Facebook Live Events

[This post was originally written by Lauren Picarello, Joe Pinaire, and Allison Squires of Dachis Group Austin]

Zuckerberg Suits up for Obama: How Brands Can Suit up for Customers Using Facebook Live

The Facebook Live Townhall with President Barack Obama and Facebook CEO Mark Zuckerberg prompted a lively discussion in our Austin office. Not only about Zuckerberg’s shirt and tie, but our social business take on how the live event went down.

It made us think: If we were going to host a Facebook Live event for a client, how would we do it? Our goal: optimize the Facebook platform to make the most of this opportunity.

First off, here’s what we liked about yesterday’s event:

  • Real-time engagement. Real-time engagement allowed for participation from multiple audiences: in-person, Facebook and select online destinations like whitehouse.gov. All audiences could watch and simultaneously interact with the event by commenting (806 Facebook comments), replying to others or “liking” posts (1,113 Facebook likes).

  • Viewer-reported metrics. The channel allowed for engaged viewers to ask the President questions from a predetermined subset of topics. Although the President fielded an underwhelming number of questions from the Facebook Live virtual audience, Facebook and perhaps the President captured valuable viewer-reported data (i.e. city, state and age) via the question functionality (See below: Figure 2). Applying this demographic data to the question topic chosen will yield valuable insight into policy matter and sentiment. From a strategist standpoint, the data set collected would ideally be used to inform the President’s strategy — as it could a brand’s — social or otherwise.

  • Sharing buttons. The event offered multiple ways for viewers to share their experience: Facebook, Twitter, email and embedding in the actual channel. In allowing viewers to spread the word, the program’s reach was extended. By now, most brands understand that including sharing buttons is among the bare essentials for improving amplification of any social experience.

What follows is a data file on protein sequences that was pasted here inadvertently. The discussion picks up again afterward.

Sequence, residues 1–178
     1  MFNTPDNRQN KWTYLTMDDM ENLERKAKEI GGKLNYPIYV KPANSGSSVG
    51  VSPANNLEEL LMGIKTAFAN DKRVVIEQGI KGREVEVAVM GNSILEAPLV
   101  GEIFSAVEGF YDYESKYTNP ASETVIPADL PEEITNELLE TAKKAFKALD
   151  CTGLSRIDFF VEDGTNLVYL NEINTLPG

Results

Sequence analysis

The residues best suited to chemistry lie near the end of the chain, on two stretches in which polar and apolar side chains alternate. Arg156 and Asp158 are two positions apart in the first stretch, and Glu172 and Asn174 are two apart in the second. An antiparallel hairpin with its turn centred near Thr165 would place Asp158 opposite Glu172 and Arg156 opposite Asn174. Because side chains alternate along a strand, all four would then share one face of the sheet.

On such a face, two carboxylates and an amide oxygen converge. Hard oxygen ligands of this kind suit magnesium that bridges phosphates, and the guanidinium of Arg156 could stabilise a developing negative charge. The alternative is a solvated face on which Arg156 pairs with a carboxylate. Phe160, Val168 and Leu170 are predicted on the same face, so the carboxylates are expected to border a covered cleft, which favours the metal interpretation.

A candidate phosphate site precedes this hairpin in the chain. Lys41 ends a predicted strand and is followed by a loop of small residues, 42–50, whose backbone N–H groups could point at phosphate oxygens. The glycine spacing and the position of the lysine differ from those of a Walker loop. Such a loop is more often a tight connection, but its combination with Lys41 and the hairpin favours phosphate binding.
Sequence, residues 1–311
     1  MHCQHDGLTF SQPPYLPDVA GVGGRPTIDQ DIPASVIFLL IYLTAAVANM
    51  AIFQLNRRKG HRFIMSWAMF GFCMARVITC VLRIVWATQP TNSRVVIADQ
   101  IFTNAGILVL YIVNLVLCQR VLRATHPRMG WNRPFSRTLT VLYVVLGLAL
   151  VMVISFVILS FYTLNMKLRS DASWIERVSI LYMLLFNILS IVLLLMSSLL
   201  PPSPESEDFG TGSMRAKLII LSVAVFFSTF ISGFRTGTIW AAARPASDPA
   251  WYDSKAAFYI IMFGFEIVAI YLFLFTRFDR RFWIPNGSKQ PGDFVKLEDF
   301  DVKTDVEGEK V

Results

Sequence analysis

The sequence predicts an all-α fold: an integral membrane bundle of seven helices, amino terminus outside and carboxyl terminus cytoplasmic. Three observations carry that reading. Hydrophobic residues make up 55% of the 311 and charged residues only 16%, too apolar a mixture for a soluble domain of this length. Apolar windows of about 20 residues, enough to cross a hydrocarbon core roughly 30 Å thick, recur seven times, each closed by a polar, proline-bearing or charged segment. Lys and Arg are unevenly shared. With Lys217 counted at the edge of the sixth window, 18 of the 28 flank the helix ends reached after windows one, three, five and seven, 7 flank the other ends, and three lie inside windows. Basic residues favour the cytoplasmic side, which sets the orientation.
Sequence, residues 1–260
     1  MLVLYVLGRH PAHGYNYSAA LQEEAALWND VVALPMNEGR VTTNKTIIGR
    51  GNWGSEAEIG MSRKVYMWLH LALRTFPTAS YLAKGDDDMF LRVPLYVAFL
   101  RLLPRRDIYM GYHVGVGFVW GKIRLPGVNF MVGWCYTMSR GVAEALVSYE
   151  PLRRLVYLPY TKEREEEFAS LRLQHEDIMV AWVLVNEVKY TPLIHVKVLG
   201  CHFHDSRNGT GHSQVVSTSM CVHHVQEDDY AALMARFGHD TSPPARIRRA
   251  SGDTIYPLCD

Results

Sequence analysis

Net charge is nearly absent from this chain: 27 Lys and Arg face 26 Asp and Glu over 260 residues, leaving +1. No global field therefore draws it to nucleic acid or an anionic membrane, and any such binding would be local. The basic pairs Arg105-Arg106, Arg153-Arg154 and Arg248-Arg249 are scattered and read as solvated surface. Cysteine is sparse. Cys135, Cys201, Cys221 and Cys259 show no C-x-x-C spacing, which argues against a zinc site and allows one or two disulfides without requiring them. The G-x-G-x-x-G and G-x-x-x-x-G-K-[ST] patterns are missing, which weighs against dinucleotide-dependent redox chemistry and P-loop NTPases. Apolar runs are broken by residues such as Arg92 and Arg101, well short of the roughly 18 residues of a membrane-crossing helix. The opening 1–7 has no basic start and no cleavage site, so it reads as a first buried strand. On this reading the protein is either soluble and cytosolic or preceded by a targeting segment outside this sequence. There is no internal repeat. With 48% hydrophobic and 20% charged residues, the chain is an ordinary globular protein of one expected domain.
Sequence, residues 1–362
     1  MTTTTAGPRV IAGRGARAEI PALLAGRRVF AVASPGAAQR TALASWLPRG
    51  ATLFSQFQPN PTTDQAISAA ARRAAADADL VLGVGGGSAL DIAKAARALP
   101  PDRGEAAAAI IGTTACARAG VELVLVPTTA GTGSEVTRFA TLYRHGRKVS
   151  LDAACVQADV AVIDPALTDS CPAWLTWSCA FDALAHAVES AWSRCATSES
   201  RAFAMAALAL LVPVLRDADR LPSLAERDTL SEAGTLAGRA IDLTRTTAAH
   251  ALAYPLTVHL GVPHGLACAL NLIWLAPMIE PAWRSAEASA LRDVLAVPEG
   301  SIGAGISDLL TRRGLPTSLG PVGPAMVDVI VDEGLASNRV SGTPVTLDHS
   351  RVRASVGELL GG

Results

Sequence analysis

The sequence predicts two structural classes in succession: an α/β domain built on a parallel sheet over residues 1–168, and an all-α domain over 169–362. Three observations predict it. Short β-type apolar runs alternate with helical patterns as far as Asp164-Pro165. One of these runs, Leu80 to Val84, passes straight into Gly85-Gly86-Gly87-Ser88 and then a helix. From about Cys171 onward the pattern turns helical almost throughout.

• Employee involvement. As the event host, it was a nice touch to not only see Facebook employees in the audience but to hear from them directly during the Q&A. For us, it helped humanize the “big Facebook machine.” How often do we get to hear from those behind-the-scenes at Facebook’s headquarters? Thinking about our clients, customers may not need to get to know your corporate employees, but there’s always something more a brand might reveal to get closer to its audience.

Opportunities moving forward:

  • Provide direction without constraining the content. The content during the live event was limited. During the Obama town hall, viewers were provided five buckets to choose from when submitting a question during the event: The Economy, Fiscal Responsibility, Innovation, Women in Technology and Startup America (See below: Figure 3). Although there was also an “Other” category provided, the buckets make the agenda fairly clear. If viewers had a question about the War in Afghanistan, they definitely were not encouraged to ask it. It’s important to leave question fields open-ended in order to maximize activity, yield real data and mitigate potential backlash.

  • Aggregate unused questions and respond publicly. Unused questions should be aggregated for experts to respond to after the town hall. If questions go unanswered, it has negative implications for the brand. Public, timely and informed responses by people on the brand side whether it be via Facebook, blog posts or video messages, heighten an organization’s image and leave event participants with positive sentiment toward the brand.
  • Set your brand up for success: customize and position. Facebook and Livestream did not take full advantage of viewership. To most effectively communicate the brand’s message, organizations should work with Facebook to add layers of specificity to the event constructs. In yesterday’s case, let’s look at the automated Twitter message made available on the event page (See below: Figure 4). The pre-populated tweet for Livestream viewers to share via the Facebook event page was, “watching FacebookGuests,” rather than a more specific and inclusive message such as “watching President Obama during his first-ever Facebook Live town hall event.”

President Obama’s Facebook Live Townhall illustrates the simplicity, yet often overlooked nature of many social tactics. Facebook and Livestream have done a good job optimizing the platform, but brands should never forgo doing their own due diligence in such engagements. As such, it will be interesting to see how future events are customized to fit not only a brand’s needs, but more importantly the needs of their audience. For brands thinking about optimizing the Facebook platform, Obama’s event should serve as a reminder to remember the details and to deploy unique tactics that make the most sense for the audience within the event’s context.

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